In terms of video making software, I am very flexible. They can use any platform that they would like, the most popular are: iMovie (for Mac and iOS), MovieMaker, Adobe Premiere, and the YouTube Video Editor. My colleagues often ask if I teach the students how to use the software. The answer is – no. They learn as they use. Video editor software today is highly intuitive and easy to learn. I do offer help if they run into an issue, but I give them a check list to try before they come to see me:
- Google your problem
- Search “How To’s” on YouTube
- Read the instructions of the software that you’re using – they all have a “Help” section or a “How To”
- Ask a classmate or a parent for help
Creative problem solving is an important skill for students to learn and this project provides numerous opportunities for them to do just that!
Publication and Presentation
The last component of this project is that the students publish their work in order for us to view it as a class. Your publication methods will vary based on age group, school policies, and student access to material. At my school, students cannot access YouTube. However, we do have Google Apps for Education. I have my students upload their final videos to Google Drive and then embed the link on our class blog. However, you may have students play it from their own device or share on a class youtube channel. This is an important step as peer review is key in academic inquiry.
My students’ final projects were amazing. Here is a very small selection:
While this is an excellent projects, there are a few potential pitfalls to keep in mind.
- Students do not have equal access to resources and equipment. To compensate for this, I like to provide ample in class time to build the project.
- Do not grade the bells and whistles, focus on content. It’s easy to be blown away by a flashy project even if the content is mediocre. This is where I find a rubric handy.
- You may want to reach out to parents to avoid concern about a “tech” project (especially in a Social Studies or English Class). I wrote an article, “How to Gain Parent Buy-In for Classroom Technology Integration.”
Overall, have fun and learn as you go!
The University of Virginia is offering a free online course via iTunes U on the Kennedy Half Century. Larry Sabato, Director of UVA’s Center for Politics, will be exploring the impact of Kennedy Politics on America. The class discussion will be hosted on twitter @JFKClass. The book for the course can be purchased on the iBooks store. The course description is as follows:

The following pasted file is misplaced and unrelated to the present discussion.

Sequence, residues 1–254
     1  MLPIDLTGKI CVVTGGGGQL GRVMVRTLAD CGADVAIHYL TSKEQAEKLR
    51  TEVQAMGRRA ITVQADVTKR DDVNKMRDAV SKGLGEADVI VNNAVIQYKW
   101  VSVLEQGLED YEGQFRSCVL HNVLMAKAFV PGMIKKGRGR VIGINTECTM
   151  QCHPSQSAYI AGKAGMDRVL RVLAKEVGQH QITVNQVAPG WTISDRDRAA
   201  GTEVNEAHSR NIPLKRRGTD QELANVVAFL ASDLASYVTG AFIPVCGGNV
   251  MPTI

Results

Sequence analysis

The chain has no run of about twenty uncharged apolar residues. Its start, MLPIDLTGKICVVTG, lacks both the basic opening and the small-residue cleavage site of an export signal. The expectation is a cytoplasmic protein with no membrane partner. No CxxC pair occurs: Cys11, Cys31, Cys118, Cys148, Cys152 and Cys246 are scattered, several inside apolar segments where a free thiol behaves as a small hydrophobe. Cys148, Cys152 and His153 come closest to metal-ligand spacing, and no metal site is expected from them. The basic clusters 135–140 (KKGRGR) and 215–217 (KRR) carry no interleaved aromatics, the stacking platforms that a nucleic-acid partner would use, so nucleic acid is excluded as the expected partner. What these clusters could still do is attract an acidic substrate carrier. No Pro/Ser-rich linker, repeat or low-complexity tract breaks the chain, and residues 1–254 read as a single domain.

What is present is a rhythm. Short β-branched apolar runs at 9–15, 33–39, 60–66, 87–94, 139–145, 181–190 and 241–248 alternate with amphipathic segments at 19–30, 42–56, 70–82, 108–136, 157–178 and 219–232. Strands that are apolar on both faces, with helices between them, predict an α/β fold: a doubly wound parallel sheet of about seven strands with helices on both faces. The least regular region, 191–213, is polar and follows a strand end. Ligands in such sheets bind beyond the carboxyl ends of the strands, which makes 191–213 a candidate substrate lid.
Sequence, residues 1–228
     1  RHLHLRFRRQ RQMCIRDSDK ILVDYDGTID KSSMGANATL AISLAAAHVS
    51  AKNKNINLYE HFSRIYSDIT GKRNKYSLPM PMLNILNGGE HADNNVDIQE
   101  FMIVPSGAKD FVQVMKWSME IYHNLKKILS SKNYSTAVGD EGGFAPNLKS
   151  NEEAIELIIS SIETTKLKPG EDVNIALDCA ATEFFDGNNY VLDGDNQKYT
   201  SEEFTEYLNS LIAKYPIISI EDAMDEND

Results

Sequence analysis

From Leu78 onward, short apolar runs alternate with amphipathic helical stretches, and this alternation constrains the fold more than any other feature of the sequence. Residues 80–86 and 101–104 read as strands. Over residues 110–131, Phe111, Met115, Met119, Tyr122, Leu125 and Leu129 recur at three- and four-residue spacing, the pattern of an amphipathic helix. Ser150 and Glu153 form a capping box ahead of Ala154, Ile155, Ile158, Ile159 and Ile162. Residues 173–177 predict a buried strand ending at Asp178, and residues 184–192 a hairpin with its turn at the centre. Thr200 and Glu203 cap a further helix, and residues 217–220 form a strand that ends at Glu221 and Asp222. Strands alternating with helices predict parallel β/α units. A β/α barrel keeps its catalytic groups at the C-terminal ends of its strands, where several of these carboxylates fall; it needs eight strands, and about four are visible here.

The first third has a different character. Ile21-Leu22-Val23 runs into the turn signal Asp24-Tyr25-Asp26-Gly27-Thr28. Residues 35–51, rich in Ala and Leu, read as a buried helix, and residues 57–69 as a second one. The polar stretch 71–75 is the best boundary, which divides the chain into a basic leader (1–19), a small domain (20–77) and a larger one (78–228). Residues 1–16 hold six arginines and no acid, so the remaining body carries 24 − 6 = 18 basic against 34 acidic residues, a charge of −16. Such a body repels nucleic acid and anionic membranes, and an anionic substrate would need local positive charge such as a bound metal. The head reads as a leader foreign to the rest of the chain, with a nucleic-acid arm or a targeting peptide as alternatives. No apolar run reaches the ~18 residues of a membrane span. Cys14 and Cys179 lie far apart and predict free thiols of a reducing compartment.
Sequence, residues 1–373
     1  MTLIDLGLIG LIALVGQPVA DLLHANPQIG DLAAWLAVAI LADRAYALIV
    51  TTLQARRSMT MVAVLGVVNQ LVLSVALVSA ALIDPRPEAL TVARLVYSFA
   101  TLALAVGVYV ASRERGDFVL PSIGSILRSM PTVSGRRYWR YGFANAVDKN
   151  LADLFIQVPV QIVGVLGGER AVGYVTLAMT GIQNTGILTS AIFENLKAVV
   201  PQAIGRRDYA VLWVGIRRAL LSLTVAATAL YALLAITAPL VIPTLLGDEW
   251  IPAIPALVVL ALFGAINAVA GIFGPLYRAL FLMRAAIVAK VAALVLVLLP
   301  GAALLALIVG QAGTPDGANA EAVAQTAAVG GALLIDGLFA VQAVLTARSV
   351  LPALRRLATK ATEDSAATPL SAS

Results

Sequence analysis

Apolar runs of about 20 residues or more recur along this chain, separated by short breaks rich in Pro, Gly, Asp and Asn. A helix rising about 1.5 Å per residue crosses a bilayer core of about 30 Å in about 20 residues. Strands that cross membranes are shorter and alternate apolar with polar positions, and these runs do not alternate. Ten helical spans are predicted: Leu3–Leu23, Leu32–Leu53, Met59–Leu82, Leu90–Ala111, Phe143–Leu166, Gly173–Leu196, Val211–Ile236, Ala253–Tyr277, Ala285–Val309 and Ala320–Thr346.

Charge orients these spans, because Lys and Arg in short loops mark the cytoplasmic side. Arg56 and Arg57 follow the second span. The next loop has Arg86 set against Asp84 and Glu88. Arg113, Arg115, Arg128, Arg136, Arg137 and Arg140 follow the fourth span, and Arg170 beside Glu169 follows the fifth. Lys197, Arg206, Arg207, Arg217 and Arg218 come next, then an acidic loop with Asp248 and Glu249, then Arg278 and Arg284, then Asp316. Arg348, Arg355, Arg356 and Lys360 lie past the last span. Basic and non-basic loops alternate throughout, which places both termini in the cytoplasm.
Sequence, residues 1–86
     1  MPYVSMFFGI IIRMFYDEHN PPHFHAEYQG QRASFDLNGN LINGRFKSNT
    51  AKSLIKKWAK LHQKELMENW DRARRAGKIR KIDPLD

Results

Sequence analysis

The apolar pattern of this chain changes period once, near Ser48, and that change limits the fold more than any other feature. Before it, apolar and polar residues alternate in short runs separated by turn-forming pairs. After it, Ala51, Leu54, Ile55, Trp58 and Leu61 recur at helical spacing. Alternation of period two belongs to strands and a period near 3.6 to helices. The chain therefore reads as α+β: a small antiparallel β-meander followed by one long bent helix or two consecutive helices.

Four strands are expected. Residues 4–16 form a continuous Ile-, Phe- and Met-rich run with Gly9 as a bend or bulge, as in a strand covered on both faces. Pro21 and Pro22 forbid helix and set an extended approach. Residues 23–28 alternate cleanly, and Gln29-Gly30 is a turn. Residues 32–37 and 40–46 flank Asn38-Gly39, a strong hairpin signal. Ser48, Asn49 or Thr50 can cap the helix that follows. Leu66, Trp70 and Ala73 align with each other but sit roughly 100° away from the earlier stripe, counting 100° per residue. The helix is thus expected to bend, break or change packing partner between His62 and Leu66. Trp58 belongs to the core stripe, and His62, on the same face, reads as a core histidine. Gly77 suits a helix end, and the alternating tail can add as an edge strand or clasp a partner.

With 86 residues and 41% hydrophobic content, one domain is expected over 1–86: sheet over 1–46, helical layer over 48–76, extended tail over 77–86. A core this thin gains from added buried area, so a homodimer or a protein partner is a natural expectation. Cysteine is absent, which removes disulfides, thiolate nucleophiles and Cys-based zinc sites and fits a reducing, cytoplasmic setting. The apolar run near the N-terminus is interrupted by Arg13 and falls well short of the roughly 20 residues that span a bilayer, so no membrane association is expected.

When John F. Kennedy entered the presidential limousine at Love Field in Dallas, Texas on November 22, 1963, he began his ride into history. That journey continues even today and we call it the Kennedy legacy. In the weeks leading up to the 50th anniversary of the assassination, this course will explore the Presidency, assassination, and lasting legacy of President John F. Kennedy. Students will learn how JFK’s life, administration, and tragic death have influenced the general public, the media, and each of the nine U.S. presidents who followed.
Identifying John F. Kennedy’s legacy and influence helps understand many of the vexing problems that developed over the last half century as well as many of the challenges that confront us even today. November 22, 1963 was so powerful a moment that in the fifty years since the assassination, every U.S. President that followed JFK has used Kennedy’s words and actions in an effort to craft their own political image. Why does Kennedy’s influence persist, and will it continue? What are the effects? We’ll address these questions and more as we explore The Kennedy Half Century.
Follow @LarrySabato on Twitter. He frequently tweets about JFK and other political subjects.
Participate in the Class Discussion Board on Twitter @JFKclass
Take the free course, participate in class discussions, and learn something new!
On July 1, 1863, the Battle of Gettysburg began in Pennsylvania. It is one of the most important battles of the American Civil War. The Fall edition of History Now, the quarterly online journal published by the Gilder Lehrman Institute, highlights and explores and the battle from leadership, urban impact, and the pivotal speech by President Abraham Lincoln.
The publication is free to students and teachers. In addition to scholarly articles, it provides numerous educational resources. If you are interested in American History, it’s a great publication.
Alexander Graham Bell is one of America’s most important scientists and inventors. Moved by the experiences of his mother and wife (both deaf), Bell heavily investigated the realm of sound and recording. He made several early recordings that, until now, were unplayable. Researchers at the Smithsonian have finally mastered the technology necessary to play these “unplayable records.”
Check out their research and listen to Bell’s actual voice in the article here.
Thanks to my colleague Greg Cooper for letting me know about this great exhibit. The Smithsonian Museum has an amazing online exhibit: On the Water. The exhibit, divided by era and theme, explores physical artifacts, maps, narratives and accounts, as well as songs and stories all connected to man’s relationship with the Ocean. The exhibit, primarily focused on United States history, explores whaling, piracy, travel, and more.
In addition to content and material, the exhibit also provides numerous learning resources for educators, including lesson plans and activities.